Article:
Terri Thomas, who is the adult faith coordinator for Holy Trinity in Peachtree City, said each summer for the past five years the parish has been consecrated on the feast of the Immaculate Heart of Mary. And for the past three years the parish has been using Father Gaitley’s book 33 Days to Morning Glory to prepare for each consecration.
Ms. Thomas praised the book for its gentle, uplifting approach to Marian consecration, which has had a positive impact on their parish.
The 11 women credited the consecrations for helping other events at the church to flourish and said Mary “has set our parish on fire.”
“We’re on fire with our next mission and growing in the love of Jesus Christ and Mary. It’s beautiful, life-changing,” said Robin Mahon.
The bishop’s Mass and Lenten retreat also had a profound impact on Theresa Slaughter of St. Jude Parish in Chattanooga, who was given Father Gaitley’s book 33 Days to Morning Glory five years ago. She has followed him since.
“I was so deeply moved that I was in tears of joy and sorrow that all this wonderful grace was in our diocese,” Ms. Slaughter said, thanking Bishop Stika for making the retreat possible. “It was so beautiful.”
Like Ms. Slaughter, Emily Knoch of St. Jude Parish also was wowed by the retreat and Father Gaitley’s testimony and fervor. Unlike Ms. Slaughter, Mrs. Knoch hasn’t been a close follower of Father Gaitley – until now.
“I was very moved by his testimony and fervor,” Mrs. Knoch said. “He was able to touch so many people. He provided a lot of hope and he’s providing a great deal of ammunition in this time of evil.”
For Mary Jo and Charles Koory of Holy Spirit Parish in Soddy-Daisy, the Mercy & Mary Lenten Retreat was thought-provoking.
“I was very impressed. He really enlightened me,” Mr. Koory said.
Mrs. Koory found Father Gaitley’s insight into Sts. Thérèse of Lisieux and Faustina captivating, especially St. Thérèse’s “little way, which is the way for all of us.”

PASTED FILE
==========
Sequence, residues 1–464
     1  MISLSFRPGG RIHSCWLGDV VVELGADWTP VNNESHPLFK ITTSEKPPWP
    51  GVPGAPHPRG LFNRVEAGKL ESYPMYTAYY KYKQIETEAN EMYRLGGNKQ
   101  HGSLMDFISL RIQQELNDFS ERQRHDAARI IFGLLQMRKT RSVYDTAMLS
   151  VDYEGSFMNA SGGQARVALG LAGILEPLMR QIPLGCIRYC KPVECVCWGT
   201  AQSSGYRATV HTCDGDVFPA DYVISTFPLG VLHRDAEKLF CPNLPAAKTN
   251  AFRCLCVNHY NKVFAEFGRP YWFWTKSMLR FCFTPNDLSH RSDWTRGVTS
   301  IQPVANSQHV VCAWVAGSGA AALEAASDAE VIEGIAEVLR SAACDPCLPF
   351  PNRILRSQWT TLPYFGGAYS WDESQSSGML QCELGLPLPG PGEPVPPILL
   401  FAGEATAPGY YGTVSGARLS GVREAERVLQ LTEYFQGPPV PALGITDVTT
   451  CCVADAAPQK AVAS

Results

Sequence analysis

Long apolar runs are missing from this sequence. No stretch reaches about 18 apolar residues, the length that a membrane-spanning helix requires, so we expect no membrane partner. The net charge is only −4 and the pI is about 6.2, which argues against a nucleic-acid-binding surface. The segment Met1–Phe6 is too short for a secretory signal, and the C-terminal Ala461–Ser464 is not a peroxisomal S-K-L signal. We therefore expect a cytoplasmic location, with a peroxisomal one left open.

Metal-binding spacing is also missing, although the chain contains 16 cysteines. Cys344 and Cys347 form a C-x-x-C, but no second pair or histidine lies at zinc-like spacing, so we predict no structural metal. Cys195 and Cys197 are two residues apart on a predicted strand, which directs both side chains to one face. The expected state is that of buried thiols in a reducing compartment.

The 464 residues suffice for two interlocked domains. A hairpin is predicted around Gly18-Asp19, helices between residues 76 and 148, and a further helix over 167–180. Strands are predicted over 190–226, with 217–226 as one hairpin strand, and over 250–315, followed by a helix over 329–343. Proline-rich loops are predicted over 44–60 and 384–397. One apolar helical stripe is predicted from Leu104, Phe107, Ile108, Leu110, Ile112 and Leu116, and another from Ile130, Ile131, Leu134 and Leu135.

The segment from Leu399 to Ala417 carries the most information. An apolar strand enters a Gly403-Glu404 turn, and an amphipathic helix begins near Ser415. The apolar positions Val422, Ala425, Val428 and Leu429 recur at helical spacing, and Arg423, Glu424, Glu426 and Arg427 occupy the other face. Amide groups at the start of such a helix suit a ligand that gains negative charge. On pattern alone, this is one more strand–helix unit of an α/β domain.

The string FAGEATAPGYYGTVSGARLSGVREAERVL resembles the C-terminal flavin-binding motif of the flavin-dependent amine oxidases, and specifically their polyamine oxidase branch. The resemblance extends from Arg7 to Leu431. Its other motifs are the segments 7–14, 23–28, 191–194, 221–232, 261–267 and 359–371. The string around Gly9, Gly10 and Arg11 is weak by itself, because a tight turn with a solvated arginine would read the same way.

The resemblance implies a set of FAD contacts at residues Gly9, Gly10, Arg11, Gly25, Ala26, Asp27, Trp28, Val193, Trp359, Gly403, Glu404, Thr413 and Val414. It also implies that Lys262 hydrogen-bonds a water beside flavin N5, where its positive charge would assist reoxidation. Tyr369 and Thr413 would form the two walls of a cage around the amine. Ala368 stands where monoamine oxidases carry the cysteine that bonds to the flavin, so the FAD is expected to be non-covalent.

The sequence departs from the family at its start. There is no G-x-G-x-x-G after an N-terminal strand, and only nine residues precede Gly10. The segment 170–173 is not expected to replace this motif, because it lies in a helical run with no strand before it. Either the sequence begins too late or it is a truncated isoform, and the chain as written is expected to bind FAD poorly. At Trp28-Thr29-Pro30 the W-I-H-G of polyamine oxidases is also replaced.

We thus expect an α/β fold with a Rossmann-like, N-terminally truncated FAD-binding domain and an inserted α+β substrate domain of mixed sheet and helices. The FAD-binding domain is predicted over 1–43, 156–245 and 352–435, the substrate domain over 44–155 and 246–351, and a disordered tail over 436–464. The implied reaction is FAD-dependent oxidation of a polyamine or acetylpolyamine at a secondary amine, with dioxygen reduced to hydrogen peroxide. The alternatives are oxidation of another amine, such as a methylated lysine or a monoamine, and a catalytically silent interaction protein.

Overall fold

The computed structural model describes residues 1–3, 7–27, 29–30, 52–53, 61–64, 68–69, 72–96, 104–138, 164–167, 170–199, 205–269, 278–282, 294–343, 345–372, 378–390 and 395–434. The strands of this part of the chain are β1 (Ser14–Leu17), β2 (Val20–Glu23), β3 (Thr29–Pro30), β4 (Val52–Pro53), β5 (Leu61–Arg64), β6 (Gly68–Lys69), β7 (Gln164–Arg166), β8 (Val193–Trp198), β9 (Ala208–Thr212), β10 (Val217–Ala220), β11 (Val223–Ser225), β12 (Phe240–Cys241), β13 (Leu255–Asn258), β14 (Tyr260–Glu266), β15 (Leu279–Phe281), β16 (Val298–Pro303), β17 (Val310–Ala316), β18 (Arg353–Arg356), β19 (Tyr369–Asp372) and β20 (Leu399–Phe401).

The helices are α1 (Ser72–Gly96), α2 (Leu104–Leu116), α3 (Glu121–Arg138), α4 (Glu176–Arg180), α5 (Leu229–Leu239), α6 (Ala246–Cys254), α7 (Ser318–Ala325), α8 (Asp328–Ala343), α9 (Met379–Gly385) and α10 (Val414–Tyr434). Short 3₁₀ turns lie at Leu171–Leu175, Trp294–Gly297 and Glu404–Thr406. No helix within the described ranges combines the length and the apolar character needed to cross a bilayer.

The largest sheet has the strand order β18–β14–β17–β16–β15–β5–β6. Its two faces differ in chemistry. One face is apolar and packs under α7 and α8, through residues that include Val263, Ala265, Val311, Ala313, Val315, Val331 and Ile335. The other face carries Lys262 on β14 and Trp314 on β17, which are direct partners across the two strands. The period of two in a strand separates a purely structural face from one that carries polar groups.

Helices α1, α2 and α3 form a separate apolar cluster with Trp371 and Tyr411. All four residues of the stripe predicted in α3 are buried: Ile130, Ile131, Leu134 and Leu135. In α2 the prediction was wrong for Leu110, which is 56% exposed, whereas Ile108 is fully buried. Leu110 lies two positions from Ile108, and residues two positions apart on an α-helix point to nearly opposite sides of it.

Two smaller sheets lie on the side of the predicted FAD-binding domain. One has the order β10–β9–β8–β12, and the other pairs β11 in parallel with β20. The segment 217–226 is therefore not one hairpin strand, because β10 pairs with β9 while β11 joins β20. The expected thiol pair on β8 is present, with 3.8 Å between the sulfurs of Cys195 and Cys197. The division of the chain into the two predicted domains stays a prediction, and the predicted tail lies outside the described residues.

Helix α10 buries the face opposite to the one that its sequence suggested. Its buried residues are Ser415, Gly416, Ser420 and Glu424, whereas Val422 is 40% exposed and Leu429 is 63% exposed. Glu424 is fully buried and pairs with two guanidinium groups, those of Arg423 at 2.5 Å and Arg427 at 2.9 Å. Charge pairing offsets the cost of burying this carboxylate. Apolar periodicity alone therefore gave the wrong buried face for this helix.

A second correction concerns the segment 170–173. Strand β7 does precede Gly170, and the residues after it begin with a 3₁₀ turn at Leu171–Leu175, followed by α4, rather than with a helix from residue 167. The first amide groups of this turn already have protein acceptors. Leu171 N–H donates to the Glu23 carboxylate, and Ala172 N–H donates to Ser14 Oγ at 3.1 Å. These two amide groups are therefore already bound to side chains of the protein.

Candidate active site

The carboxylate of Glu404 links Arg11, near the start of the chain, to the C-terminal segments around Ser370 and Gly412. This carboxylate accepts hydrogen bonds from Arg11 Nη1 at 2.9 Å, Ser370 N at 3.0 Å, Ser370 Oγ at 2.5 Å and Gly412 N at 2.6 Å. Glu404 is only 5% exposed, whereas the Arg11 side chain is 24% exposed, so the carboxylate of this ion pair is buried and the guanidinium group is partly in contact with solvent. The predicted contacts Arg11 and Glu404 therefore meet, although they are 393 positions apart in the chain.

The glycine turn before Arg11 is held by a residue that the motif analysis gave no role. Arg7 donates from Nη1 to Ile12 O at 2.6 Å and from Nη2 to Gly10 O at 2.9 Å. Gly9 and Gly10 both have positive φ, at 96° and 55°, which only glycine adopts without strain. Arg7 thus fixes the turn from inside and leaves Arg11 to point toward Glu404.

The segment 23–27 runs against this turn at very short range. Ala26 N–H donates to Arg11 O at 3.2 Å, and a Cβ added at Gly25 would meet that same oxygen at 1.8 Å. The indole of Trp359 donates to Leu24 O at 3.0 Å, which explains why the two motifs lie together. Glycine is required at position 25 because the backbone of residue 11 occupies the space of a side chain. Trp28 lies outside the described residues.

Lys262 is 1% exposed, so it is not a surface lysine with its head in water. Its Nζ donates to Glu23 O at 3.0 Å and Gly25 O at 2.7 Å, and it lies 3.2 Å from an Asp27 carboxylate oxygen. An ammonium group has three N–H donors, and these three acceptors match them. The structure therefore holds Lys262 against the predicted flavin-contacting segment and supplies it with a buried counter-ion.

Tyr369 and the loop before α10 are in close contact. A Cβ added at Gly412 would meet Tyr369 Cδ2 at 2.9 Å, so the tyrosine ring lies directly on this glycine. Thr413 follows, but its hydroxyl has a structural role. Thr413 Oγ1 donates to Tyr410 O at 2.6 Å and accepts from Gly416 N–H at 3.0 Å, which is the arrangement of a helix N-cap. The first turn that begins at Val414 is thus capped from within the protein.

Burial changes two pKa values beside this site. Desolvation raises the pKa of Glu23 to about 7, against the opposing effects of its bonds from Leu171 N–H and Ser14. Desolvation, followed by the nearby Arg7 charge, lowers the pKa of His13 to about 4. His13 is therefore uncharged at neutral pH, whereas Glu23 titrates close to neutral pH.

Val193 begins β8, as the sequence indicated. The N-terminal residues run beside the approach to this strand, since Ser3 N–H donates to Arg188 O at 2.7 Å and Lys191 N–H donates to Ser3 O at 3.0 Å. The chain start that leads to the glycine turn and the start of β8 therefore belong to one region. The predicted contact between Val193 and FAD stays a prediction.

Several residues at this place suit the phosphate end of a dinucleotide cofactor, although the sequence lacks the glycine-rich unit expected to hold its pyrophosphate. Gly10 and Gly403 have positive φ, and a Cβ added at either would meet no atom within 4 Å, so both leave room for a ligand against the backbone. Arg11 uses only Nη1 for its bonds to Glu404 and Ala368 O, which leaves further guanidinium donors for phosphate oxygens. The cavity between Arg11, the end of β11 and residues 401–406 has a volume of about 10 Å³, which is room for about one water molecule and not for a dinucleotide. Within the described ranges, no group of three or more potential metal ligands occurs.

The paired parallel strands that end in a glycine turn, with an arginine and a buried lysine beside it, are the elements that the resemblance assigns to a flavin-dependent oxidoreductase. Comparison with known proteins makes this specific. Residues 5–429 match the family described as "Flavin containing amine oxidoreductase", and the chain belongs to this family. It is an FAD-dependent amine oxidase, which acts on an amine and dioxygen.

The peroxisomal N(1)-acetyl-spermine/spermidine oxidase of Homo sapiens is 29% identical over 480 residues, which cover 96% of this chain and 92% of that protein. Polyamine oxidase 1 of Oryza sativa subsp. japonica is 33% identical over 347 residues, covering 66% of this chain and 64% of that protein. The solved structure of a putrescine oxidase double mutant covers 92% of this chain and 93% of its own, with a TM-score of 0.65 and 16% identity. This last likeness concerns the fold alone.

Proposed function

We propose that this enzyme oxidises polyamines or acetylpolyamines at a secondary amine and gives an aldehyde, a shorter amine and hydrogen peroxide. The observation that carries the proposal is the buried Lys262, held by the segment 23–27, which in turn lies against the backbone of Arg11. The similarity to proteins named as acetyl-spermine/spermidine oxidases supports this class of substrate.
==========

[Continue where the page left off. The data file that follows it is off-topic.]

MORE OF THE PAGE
“Father Gaitley’s presentation was very humble. He’s looked deeply into some of these Catholic concepts,” Mrs. Koory said.
Father Gaitley was uplifted by the response to his talks, acknowledging that Catholics are big fans of mercy.
“People are excited about Divine Mercy. God’s mercy is so beautiful that when they hear it they have to spread it to others,” Father Gaitley said. “It’s good news at a time when there isn’t a lot of good news. Mercy is the Good News of the Gospel.”
At breaks during his discussions, Father Gaitley manned a table, where he signed his books for long lines of followers. Susan Akers, Laura Jones, and Jenni Preuett were among those who were thrilled to have his signature on their books and books for students at their schools.
Mrs. Jones said St. Rose of Lima Parish has given three of Father Gaitley’s taped presentations to rave reviews.
“He’s like a rock star to us,” she said.
To Mrs. Preuett, the entire retreat was a God thing.
“You very much felt the Holy Spirit during the weekend,” she said, still amazed that Bishop Stika was wearing the cincture and used the chalice of Venerable Bishop Fulton Sheen.
As the parishioners at St. Rose of Lima and St. Mary Parish in Jackson continue to pray for healing for Kelly, the three close friends are comforted that Bishop Sheen was with them.
“I touched our rosary to the chalice, so now they (Kelly and St. Mary parish) will have a third-class relic to Bishop Sheen. God is so good. It is God’s intervention,” Mrs. Akers said. ■